Philomath’s long-awaited tennis courts project is about to become a reality.

After more than a decade of work by several volunteers, the Philomath City Council pledged $200,000 in February for the construction of a tennis facility. Ground was broken late last month to create a four-court setup on the high school’s old junior varsity soccer field adjacent to Philomath City Park.

Lori Haslam of the Philomath Tennis Courts Committee said the playing surface should be ready to go by Sept. 1. Fencing is expected to be completed later in the month.

“It’s just really exciting,” Haslam said. “It’s been about 12 years coming and it’s going to be great for the community and great for the kids at school.”

The Clemens Foundation provided funds for two public courts in 1972, but those were eventually removed.

High school tennis first came to Philomath in 2005 when Haslam’s oldest son, Ben Haslam, asked the school board to start a club. It became an official high school sport the following year.

Without a facility in town, the tennis team practiced and competed at Corvallis’ Ashbrook Independent School. Players only had access to the courts during specified hours.

“It’s really difficult that the facility is not on campus,” Lori Haslam said. “Because the players don’t feel a part of the high school and kids from the high school don’t get to watch unless they drive down to Ashbrook.”

The commuting and access issue was nearly solved a decade ago when grant money was secured to cover construction costs for a facility in Philomath. But the school district and city couldn’t agree on a location, and time ran out to use the grants.

Ten years later, the project is finally moving forward.

“It’s been nice to see them pull this all together,” said Philomath High School head coach Gary Quandt, who estimated the project will cost about $275,000. “As soon as the city gave us the bulk of the money, the rest of the fundraising became a little easier.”

The school district donated the land and also chipped in a few dollars, Quandt said. The rest of the money came from private financing and grants.

Dennis Gibson Construction began excavating the site ahead of schedule in late July.

“We were actually going to have a groundbreaking ceremony but they started earlier than they were supposed to,” Lori Haslam said. “So we will do a ceremony when it’s completed.”

About 9 to 12 inches of top soil was removed and replaced with gravel. As of Aug. 9, the site had been graded and was ready for paving.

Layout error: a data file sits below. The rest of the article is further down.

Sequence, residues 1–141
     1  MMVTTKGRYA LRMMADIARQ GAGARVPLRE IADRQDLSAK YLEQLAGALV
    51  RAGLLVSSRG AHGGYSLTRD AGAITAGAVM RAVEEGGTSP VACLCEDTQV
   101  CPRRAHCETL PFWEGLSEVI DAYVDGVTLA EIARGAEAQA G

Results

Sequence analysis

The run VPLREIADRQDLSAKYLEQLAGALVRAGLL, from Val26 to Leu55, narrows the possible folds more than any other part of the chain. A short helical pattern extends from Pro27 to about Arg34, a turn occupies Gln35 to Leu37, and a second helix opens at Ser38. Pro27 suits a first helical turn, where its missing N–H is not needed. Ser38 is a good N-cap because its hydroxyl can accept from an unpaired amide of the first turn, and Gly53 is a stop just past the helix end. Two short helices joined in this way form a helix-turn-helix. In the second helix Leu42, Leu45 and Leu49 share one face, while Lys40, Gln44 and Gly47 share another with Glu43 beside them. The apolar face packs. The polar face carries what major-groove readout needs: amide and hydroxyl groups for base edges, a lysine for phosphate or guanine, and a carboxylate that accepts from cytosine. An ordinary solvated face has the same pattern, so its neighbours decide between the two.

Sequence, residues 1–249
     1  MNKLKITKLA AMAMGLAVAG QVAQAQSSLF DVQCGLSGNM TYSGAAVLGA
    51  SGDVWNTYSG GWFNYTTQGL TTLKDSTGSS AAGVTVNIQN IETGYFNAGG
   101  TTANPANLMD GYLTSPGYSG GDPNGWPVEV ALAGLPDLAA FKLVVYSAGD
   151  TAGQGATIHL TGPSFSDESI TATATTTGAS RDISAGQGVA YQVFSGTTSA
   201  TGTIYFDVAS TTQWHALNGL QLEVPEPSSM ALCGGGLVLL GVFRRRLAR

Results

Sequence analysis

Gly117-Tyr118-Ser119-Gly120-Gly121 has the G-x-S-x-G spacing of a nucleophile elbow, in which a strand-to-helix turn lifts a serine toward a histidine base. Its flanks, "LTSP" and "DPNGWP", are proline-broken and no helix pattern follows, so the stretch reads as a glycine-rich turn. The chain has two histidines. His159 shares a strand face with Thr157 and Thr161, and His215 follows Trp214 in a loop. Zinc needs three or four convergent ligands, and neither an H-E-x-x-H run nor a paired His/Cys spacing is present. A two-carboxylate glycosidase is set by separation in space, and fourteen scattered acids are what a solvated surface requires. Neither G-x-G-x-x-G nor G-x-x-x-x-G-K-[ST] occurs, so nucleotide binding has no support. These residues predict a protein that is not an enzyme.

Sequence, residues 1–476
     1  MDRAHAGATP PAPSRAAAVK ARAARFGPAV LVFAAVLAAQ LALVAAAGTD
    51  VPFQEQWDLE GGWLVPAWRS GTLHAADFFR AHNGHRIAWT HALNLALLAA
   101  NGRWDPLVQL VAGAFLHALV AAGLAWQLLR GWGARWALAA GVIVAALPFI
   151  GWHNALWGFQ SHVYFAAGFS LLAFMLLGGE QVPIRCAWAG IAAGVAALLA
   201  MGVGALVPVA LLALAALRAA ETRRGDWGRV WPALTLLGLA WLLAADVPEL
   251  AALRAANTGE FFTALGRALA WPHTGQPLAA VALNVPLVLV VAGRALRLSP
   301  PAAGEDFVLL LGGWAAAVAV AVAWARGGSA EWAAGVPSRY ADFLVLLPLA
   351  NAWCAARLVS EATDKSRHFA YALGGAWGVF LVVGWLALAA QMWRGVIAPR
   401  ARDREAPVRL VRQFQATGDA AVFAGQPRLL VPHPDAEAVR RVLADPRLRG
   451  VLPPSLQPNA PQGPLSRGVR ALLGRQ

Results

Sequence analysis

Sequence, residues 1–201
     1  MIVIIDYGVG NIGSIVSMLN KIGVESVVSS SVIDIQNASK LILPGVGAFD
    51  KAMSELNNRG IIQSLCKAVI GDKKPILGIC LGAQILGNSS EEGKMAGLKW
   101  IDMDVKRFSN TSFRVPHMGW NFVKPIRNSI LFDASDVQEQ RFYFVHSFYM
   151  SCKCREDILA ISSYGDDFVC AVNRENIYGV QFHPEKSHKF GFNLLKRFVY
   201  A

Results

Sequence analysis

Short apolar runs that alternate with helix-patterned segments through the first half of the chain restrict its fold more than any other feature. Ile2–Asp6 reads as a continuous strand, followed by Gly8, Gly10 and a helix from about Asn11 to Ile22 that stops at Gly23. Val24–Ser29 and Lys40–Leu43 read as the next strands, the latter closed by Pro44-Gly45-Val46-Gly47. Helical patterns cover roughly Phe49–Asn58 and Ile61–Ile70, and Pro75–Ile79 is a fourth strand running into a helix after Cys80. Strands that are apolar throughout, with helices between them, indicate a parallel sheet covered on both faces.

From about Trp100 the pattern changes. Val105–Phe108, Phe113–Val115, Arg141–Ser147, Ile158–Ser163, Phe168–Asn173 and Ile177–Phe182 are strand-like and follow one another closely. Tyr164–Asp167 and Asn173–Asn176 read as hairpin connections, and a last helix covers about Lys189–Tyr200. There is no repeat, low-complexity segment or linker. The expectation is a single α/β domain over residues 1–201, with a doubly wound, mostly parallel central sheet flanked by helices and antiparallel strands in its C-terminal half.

Quandt said Joey DiGiovannangelo, the school’s facilities director, is handling the contracting bids for exterior fencing.

“And then the last thing is to bring in guys who do the resurfacing, set the net post and get the courts ready to play,” Quandt said. “Building tennis courts is a pretty simple project. It’s just a matter of lining up the contracts.”

The facility will hold four courts with the potential to expand down the road.

“We were looking at four- to- six but we figured we should do four and get them done right now because we had the money,” Quandt said. “Six was too much money and we can always do more later.”

With courts on campus, Quandt and Haslam are pushing for tennis to be included in middle school and high school PE curriculum. There is also the possibility of running summer tennis programs.

Despite the facility challenges, Quandt has built a competitive program at the 4A/3A/2A/1A level. The boys placed sixth at last year’s state tournament and the girls shared 12th.

The new facility will give Philomath residents of all ages easier access to the sport.

“Tennis is a lifetime sport and it’s great for a community,” Haslam said. “You can play it when you’re 5 or 90.”

Added Quandt: “The people of Philomath can now have another recreational outlet and be able to come over and play. And from a school standpoint, we were renting courts and now that’s not going to have to happen. That’s huge for us.”

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